Taking the next step: Jason Witten decides to go pro

By Wes Holtsclaw

   KNOXVILLE--Bye, Bye Tennessee. Hello NFL!
   The suspense had been building over the past few weeks. The question: Was Jason Witten going pro or running through the tunnel of Neyland Stadium once again?
   That question was answered Monday afternoon at the Neyland-Thompson Athletic Center at the University of Tennessee.
   "I've talked with a lot of people, from general managers of football clubs or anybody I could get a hold of," Witten said. "Saying that, my family and I sat down and made a decision that is best for my future. That is to forgo my senior season and enter the 2003 NFL Draft."
   The Elizabethton native and Volunteer tight end based his decision on a lot of information that he had received over the past few weeks. His decision wasn't really determined until last night.
   "It's been tough," he said. "I really don't think I knew for sure until last night. I was in and out. It's amazing what emotions can do to you, it's so tough.
   "I want to give God all the glory. If it weren't for Him, I wouldn't be in this position today. These last few weeks have been hard on me, my family and close friends. I've been able to have a great season this year.
   "From the heart, Tennessee fans are the best in the country. I want to thank them for the opportunity they've allowed me to be in and the support they've given. I want them to know I gave all I had every play. That was special for me."
   Jason talked to several players throughout the whole decision making process, including quarterback Casey Clausen.
   "I talked to them a lot," he said. "I think Casey was a huge factor in my decision. He's a great friend to me. I've got a relationship with that guy nobody can ever take away. I wish him the best of luck."
   Clausen added: "I tried to just talk to him man-to-man, as a friend. I wasn't talking to him as a coach would, or a general manager would, or a player. I just told him to 'do what you want to do. If you want to stay, stay. If you want to leave, leave.'
   "I'm real happy for him and the opportunity he has. He's a top guy. It's tough to pass up and he's going to make the most of it."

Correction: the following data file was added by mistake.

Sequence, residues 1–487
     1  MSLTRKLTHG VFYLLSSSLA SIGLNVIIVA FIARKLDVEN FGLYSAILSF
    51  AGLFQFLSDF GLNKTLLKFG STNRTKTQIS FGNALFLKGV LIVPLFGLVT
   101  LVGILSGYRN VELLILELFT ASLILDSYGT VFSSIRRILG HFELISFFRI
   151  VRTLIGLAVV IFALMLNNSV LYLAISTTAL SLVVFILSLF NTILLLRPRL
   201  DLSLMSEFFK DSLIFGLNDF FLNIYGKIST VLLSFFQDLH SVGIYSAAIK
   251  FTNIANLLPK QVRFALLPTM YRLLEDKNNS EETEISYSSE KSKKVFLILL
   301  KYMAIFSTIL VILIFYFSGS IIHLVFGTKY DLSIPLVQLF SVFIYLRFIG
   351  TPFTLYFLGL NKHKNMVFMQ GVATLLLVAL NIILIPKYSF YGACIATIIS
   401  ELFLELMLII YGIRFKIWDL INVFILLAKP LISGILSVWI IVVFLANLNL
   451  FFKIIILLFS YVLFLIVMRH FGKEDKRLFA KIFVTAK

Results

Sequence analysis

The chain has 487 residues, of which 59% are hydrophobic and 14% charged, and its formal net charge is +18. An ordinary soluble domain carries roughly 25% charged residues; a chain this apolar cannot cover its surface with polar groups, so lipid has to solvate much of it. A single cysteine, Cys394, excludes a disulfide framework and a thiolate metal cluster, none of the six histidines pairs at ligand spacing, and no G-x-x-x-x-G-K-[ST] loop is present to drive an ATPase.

Jason's future in the NFL will not be guaranteed right away. First he will enter the combine in Indianapolis and take things from there.
   "I don't think I can be promised anything," Witten said. "But I've been told anywhere between 15 to 40 and I think it's pretty obvious that I can be the first tight end selected in the draft.
   Jason set two Tennessee tight end records this past season, including yards in a season and receptions in a season. He ranks fourth all-time on Tennessee's list for yardage by a tight end and second for touchdowns in a season.
   "I just felt like that was something I couldn't pass up," he said. "With all that goes on in college football, you play to be the first selected in your position, and that chance is all I can ask for.
   "(The combine) is going to be the next step. You've got to give up some time to train to be able to compete there. I know that I'm going to have to test out well. I'm healthy and just excited to start training and do nothing but football.
   Jason got a lot of support from the coaches at Tennessee. Although coach Phillip Fulmer and the staff couldn't make the conference, Jason was very appreciative.
   "He was so supportive," Jason said of Fulmer. "I can't thank him enough for the support he gave me. He just told me that he wished me the best of luck, and I told him I would always be a Tennessee Vol."
   "My blood will always bleed orange, I know that without a doubt," he said. "I'll be the biggest Tennessee fan there is next fall, I guarantee that. (Coach Fulmer) wishes that I would come back for the selfish reasons that we all have. He was very supportive. He told me that he was a Jason Witten fan now and wished me the best of luck."
   Jason had a lot of support from his family throughout the entire ordeal, but through it all, they left the burden on Jason.
   "As a ballplayer, you always dream of playing in the NFL," said Jason's older brother and Virginia Tech Hokie Shawn. "It's a big decision for him, he loves Tennessee and everything about it, but you've got to do what you've got to do."
   "He's a grown man now. He's stepping into new shoes and stepping into a new future in a situation where he can support himself and his family. That was what his main decision was."
   "It's been tough," said Witten's mother, Kim Barnett. "We've had both Shawn and Jason there, and had a lot of decisions to make. However, when it all came down, it was on Jason's shoulders. This is the path that Jason feels he needs to take and we're behind him a hundred percent."
   Jason's grandfather Dave Rider was proud of the moment, especially of his family as a whole.
   "I've been proud of these boys all of their life," an emotional Rider said. "You know I got three (grandsons), and it's not just the things they've done but the way they act."
   Said grandmother Deanna Rider: "Jason likes it so well here at Tennessee. He likes Coach Fulmer and everyone here. It was a big dream of his to play for this school to begin with, so he's fulfilled that dream."
   "I'm sure it's the dream of every boy to play in the NFL also, so that dream is about to come true. It's been hard, in fact, it's really been hard for all of us. We've all had our opinions, but when it came down to it, it was Jason's decision."
   Perhaps Jason said it best during his statement.
   "I came to Tennessee to grow as a person and as a man...," he said. "We've gone through some good times and some bad times but, overall, I couldn't have asked for a better place. I think I was in this situation for a reason, and I'm thankful."